Considered one of the best lyricists to emerge in the wake of the Notorious B.I.G. and Tupac's deaths, Jay-Z has since carried the flag of hip-hop narrative skill. His Roc-A-Fella family had already created a solid reputation based on Jay-Z's 1997 debut. As his fame has grown, so has his tendency to bring more R&B production elements into his work, creating a club-friendly, danceable version of east coast gangsta hip-hop that hasn't diminished his reputation as a preeminent force in rap. Perhaps even more importantly, Jay-Z has become a powerful musica impresario. In his role as president/CEO of Def Jam in the early 2000s, he fostered the careers of popular R&B singers Rihanna and Ne-Yo, and enjoyed a high profile as a co-owner of the New Jersey Nets basketball team. His long relationship and eventual marriage to superstar Beyonce has further endeared him to fans.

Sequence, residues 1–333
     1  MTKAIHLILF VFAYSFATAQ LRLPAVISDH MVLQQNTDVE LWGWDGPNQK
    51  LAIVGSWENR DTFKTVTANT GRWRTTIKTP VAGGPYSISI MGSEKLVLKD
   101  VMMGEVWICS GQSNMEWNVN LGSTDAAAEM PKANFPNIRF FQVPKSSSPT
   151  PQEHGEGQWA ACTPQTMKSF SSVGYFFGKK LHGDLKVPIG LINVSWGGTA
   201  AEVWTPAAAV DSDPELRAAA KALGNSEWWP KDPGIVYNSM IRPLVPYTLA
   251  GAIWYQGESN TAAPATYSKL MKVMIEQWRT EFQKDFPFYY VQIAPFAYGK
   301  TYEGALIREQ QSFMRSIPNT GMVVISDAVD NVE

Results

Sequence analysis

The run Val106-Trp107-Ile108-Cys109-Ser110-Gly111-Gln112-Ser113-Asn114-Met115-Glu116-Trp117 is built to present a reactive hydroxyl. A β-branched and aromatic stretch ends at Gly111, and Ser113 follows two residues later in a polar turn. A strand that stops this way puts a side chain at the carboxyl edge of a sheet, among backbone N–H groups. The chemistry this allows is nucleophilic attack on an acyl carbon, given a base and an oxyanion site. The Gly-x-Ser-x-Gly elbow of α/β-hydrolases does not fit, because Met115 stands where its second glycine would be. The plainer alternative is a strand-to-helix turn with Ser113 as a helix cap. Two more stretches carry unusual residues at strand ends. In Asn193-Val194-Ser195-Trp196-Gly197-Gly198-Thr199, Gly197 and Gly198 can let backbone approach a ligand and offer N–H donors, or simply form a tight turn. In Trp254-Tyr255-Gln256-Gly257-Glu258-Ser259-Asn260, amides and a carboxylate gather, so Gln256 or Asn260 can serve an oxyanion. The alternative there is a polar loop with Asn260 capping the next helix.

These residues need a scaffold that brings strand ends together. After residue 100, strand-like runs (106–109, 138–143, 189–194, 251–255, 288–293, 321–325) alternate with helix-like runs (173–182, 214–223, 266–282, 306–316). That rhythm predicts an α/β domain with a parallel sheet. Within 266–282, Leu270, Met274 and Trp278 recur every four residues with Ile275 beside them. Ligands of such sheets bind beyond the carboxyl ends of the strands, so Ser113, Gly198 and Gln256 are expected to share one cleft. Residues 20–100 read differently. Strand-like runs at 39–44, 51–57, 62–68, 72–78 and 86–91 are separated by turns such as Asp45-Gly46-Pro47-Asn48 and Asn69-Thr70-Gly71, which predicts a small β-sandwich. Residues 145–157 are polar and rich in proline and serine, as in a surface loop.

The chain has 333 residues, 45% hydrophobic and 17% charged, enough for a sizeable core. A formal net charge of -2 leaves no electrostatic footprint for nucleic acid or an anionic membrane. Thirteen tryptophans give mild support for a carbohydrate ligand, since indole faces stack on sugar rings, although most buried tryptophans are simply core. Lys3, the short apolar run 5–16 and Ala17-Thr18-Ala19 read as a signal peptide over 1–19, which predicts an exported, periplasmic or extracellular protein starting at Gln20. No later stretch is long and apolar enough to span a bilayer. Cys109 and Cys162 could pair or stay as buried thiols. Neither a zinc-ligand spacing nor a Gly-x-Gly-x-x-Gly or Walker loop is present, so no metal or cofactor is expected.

Only an artist of Jay-Z's stature could have survived the indignity of In My Lifetime, Vol. 1, his stunningly poor second LP, and remain standing as one of the premier lyricists of his generation. Like Biggie did on Life After Death, Jay-Z diversifies his style here--with the Timbaland-laced "Nigga What, Nigga Who" and the dialogue "Coming of Age" (which revisits the young hustler from Jay-Z's first LP, Reasonable Doubt)--demonstrating that even when experimenting with flow, he can still crush his peers. Though the album falters notably at the end (the lazy funk of "Paper Chase," "Reservoir Dogs," and "It's Like That" could be safely cut without incident), Shawn Carter has nonetheless reclaimed his mantle as rap's leading don. --Jon Caramanica
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